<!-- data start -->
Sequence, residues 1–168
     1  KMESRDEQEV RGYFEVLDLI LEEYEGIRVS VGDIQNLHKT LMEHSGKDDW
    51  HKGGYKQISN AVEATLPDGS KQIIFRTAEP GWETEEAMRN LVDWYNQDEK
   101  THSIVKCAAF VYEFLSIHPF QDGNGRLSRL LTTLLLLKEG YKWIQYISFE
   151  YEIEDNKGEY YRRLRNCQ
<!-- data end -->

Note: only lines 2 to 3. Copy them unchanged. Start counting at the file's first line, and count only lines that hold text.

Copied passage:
     1  KMESRDEQEV RGYFEVLDLI LEEYEGIRVS VGDIQNLHKT LMEHSGKDDW
    51  HKGGYKQISN AVEATLPDGS KQIIFRTAEP GWETEEAMRN LVDWYNQDEK